What Are the Consequences of Clergy Turnover?

Pastors serve a congregation, on average, about five years before leaving for another call. The amount of time pastors remain in any single position varies greatly by their denominational affiliation, career stage, theological training, and church setting. Because the U.S. Congregational Life Survey included congregations that participated in the national study in 2001 and again in 2008, we can explore the congregational consequences of a change in pastoral leadership.

About half of the congregations experienced a pastoral transition between 2001 and 2008. Conservative Protestant churches were the least likely to experience a pastor turnover—only 29% of these churches welcomed a new senior or solo pastor during the past eight years. Relatively few Catholic parishes experienced priest turnover—only 36% of these parishes welcomed a different priest (senior pastor) in that period. The biggest clergy turnover occurred among mainline Protestant churches. Two-third of these churches received a new senior or solo pastor during the past eight years.

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Clergy turnover is associated with numerical decline for mainline Protestant churches. Many mainline Protestant churches that experienced a pastoral transition during the eight-year period (2001 to 2008) also declined in size. Mainline Protestant churches that lost their 2001 pastor lost an average (median) of about 16 people in worship between 2001 and 2008. On the other hand, those mainline Protestant churches that retained their pastor reported almost no change in worship attendance. About seven out of ten churches with new pastors in 2008 reported a decline in worship attendance. In contrast, about half of churches with the same pastor reported worship attendance declines.

The relationship between clergy turnover and growth or decline is less clear in conservative Protestant churches. However, conservative Protestant churches that lost their 2001 pastor actually increased their worship attendance by an average of almost 18 attendees. Those conservative Protestant congregations that retained their pastor declined slightly in size. Their average worship attendance declined by about five attendees. Nevertheless, two-thirds of conservative Protestant churches with the same pastor declined in worship attendance between 2001 and 2008. In contrast, only four in ten conservative Protestant churches headed by a different pastor in 2008 also reported worship attendance declines.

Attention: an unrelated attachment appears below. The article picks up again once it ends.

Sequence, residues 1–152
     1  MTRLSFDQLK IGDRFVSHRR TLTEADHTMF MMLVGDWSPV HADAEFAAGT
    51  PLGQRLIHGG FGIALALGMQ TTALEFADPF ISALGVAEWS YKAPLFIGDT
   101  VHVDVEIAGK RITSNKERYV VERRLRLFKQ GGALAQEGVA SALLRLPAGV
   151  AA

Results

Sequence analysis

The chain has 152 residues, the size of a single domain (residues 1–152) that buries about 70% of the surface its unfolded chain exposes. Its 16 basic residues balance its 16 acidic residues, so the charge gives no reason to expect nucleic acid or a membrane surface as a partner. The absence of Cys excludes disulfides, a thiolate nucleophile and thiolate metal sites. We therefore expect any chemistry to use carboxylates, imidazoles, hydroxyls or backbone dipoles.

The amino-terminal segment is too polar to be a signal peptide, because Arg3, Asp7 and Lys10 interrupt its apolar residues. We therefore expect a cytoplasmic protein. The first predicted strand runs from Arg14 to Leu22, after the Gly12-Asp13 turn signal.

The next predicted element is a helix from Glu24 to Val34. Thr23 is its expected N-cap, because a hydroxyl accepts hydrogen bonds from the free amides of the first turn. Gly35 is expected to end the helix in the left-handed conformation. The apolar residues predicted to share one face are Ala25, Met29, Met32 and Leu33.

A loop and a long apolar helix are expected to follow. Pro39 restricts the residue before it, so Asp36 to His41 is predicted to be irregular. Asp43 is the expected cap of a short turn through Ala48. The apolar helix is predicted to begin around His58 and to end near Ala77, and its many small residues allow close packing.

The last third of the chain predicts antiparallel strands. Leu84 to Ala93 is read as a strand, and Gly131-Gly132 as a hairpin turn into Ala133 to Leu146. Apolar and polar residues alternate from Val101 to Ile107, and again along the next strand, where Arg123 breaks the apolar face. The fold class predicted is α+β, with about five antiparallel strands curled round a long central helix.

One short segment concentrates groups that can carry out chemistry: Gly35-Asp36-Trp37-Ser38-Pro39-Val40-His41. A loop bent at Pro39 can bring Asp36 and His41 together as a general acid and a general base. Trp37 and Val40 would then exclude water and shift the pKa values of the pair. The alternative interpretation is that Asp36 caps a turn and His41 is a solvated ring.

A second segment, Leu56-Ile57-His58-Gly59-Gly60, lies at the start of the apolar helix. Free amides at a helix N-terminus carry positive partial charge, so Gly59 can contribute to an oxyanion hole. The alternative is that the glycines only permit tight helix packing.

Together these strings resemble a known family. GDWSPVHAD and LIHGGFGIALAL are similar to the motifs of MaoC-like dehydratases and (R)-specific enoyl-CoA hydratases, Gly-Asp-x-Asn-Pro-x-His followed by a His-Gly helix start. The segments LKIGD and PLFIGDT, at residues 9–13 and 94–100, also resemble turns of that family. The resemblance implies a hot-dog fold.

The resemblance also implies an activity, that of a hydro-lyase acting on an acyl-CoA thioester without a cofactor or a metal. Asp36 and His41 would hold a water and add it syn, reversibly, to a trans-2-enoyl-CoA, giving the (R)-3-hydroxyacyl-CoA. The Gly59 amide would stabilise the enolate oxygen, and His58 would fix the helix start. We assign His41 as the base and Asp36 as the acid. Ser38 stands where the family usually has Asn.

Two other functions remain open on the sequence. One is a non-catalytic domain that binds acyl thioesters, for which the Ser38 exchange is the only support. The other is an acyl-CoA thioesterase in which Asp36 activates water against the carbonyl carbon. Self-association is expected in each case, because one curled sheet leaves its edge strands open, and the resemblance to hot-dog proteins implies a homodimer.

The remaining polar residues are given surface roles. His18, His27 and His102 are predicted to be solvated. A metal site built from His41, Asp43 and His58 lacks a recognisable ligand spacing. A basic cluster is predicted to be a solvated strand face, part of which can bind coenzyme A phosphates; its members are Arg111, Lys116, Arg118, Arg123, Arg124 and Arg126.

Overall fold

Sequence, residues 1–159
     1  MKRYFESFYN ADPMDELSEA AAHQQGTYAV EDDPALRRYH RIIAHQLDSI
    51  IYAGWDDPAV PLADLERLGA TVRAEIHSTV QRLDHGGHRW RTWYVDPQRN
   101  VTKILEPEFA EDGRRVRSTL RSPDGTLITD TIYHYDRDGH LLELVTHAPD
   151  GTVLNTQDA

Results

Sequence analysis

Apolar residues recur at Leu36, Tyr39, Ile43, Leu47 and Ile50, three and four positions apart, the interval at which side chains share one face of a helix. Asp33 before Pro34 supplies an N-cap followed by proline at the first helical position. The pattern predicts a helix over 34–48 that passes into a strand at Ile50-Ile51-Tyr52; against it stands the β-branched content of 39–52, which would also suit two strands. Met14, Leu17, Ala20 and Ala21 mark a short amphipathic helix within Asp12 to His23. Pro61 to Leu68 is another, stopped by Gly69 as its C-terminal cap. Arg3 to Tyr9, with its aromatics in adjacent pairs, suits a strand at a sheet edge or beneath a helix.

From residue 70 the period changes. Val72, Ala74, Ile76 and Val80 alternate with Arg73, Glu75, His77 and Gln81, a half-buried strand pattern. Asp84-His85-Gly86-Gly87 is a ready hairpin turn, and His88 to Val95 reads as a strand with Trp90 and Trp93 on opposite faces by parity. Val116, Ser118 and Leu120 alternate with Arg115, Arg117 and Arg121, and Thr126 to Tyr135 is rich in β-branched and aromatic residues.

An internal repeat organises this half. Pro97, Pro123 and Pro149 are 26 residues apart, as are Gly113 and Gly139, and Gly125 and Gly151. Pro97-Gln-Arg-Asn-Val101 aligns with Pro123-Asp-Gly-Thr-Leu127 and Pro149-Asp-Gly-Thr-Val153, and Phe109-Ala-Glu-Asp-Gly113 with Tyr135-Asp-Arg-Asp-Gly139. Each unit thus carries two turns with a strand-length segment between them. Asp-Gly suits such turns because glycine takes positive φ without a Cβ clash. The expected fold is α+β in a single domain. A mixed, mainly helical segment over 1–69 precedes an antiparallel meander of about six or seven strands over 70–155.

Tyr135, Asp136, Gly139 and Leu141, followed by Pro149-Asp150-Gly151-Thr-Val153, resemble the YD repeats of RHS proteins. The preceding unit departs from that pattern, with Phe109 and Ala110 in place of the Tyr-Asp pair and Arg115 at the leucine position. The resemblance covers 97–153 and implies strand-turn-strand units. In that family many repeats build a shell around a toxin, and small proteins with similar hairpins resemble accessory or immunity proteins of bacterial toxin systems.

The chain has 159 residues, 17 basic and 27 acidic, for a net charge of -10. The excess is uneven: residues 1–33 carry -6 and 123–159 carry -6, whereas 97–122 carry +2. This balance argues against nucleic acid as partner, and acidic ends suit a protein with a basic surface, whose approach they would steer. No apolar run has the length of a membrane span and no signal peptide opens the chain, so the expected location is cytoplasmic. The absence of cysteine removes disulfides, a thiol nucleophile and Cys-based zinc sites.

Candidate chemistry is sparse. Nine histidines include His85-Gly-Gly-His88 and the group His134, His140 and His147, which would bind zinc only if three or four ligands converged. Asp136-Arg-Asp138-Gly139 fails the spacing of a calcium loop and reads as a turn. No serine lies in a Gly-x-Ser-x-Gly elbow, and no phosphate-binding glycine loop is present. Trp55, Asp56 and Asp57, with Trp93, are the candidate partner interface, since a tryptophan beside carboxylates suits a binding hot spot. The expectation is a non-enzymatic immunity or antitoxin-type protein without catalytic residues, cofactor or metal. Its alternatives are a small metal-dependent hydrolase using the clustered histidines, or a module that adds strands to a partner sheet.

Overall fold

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Pastoral turnover is unrelated to growth or decline in Catholic parishes. In Catholic parishes, a change in the leadership was not related to any change in worship attendance. About 86% of Catholic parishes were smaller in 2008 compared to 2001 regardless of whether there was a change in the head priest.

Do pastoral turnovers create numerical decline? Well, it’s complicated. Many factors play a role in decreasing or increasing worship attendance and diminishing or growing church vitality. Research indicates that longer tenures give pastors more time to build relationships, lead through a period of change, and resolve long-standing conflict. The time between the departure of one pastor and the arrival of the next can be a “down-time” when mission and programs grind to a halt. It can take a new pastor several years to reinvigorate members’ energy and investment in congregational life after such a period. Sometimes the numerical decline precedes the pastor’s departure. Clergy often leave congregations when conflict, resistance to change, and diminished ministry opportunities discourage them. Finally, the picture above does not capture the quality of pastoral leadership. The consequences for the congregation are quite different when an effective leader departs versus when an ineffective pastor leaves for a new call.